Why is Slater & Gordon Limited still talking down its own market value?

Credit: Дима

Today embattled law firm Slater & Gordon Limited (ASX: SGH) updated its remaining shareholders as to its operational progress under a new structure that sees its UK operations divested and owned by its U.S. private equity owners.

The restructure of and recapitalisation of the all-but-bankrupt Slater & Gordon was complex and involved around 1,000 pages of documents for some less-than-sophisticated retail shareholders to wade through, but in summary resulted in a debt-for-equity swap that saw its new owners take on some of its $1 billion debt mountain. This after some of its original creditors such as National Australia Bank Ltd (ASX: NAB) and Westpac Banking Corp (ASX: WBC) agreed to take substantial haircuts on the debt owed to them.

As a result the U.S. private equity or special situations / distressed debt specialists now own around 95% of the business, with retail investors left with the other 5% or so after their shareholdings were also consolidated on a 1-f0r-100 basis. In other words anyone who rode Slater & Gordon shares to the bottom has lost 99% of their investment.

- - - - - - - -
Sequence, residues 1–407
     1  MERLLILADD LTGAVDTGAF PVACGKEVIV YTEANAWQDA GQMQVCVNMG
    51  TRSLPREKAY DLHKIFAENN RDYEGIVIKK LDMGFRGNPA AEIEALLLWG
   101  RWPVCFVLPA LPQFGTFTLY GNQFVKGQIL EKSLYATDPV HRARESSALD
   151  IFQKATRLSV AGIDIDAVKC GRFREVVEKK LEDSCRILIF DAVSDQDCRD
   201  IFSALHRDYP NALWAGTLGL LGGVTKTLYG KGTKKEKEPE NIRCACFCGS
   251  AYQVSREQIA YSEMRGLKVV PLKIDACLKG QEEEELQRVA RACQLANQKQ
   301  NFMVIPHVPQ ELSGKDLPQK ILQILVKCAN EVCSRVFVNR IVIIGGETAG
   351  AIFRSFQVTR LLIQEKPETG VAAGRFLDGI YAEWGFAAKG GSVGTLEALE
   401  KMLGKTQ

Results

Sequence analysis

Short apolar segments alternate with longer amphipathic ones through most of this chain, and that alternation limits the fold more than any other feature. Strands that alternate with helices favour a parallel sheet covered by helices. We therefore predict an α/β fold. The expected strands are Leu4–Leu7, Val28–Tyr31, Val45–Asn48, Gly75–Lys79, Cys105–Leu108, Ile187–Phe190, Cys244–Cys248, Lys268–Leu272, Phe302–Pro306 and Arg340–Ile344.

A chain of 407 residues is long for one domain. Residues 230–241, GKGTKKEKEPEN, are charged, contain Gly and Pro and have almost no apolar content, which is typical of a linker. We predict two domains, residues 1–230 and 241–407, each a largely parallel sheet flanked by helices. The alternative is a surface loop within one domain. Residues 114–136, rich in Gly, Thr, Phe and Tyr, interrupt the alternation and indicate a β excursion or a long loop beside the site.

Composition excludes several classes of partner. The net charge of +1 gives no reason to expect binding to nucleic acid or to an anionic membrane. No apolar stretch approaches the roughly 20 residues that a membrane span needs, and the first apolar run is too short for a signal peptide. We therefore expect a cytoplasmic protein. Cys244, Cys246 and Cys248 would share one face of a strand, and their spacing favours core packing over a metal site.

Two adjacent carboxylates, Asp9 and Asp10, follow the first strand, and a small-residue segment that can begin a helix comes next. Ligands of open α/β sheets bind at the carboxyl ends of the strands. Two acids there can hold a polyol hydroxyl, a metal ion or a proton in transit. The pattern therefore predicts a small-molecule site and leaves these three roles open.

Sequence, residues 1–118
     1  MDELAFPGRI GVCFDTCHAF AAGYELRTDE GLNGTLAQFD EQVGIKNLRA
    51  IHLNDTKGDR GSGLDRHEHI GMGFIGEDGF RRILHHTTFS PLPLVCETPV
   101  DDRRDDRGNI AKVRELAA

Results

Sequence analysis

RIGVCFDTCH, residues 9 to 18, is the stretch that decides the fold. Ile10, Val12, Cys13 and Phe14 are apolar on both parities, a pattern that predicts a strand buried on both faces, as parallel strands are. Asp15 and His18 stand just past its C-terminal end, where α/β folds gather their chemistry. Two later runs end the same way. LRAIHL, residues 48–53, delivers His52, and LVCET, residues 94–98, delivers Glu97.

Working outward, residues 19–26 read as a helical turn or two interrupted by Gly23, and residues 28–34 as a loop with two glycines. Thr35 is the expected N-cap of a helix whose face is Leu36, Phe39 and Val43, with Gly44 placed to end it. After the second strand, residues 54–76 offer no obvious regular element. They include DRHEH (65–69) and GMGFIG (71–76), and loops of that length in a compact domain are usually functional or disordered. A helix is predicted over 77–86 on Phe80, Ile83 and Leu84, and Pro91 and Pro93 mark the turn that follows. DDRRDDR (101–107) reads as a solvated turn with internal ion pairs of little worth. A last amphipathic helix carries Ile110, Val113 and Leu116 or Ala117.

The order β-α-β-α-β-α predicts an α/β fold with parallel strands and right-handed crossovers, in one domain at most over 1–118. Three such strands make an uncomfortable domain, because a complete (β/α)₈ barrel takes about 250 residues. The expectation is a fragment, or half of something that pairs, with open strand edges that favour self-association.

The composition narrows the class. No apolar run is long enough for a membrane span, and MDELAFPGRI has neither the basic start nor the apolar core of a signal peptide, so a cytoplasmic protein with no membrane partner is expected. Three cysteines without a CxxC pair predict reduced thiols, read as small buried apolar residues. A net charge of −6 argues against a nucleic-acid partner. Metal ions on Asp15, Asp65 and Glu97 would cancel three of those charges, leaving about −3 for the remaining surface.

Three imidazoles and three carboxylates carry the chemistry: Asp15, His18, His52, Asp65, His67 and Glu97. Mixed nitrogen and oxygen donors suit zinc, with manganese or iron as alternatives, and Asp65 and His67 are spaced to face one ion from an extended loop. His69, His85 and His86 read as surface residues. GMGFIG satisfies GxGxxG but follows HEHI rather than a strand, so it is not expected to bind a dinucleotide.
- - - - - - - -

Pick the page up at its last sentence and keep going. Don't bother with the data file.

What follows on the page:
The only (feint) light at the end of the tunnel is that Slater & Gordon’s Australian business now has a lot of its debt written off and the chance to return to profitability. In this goldilocks scenario it could potentially grow its share price over a 3 to 5 year period for anyone stubborn enough to hang on.

Today the group reported a net asset position of $90.1 million, compared to net liabilities of $248.1 million in the prior corresponding period. However, the restructured Australian operating group is still struggling with a net loss from continuing operations of $21.2 million from revenues of $96.3 million over the period. Cash outflows for the period were just in the red at $0.8 million.

The company also repeated the unusual step of warning shareholders that it believed its scrip was overvalued at $1.81, flagging that KPMG reportedly valued it at between 30 cents and $1.10 per share.

Needless to say this business is about as far from investment grade as you get and it might just be a matter of time before its U.S. owners look to buy out remaining shareholders and delist the business. This may explain why its US owners now seem so keen to talk down its own implied equity value! It remains an avoid.

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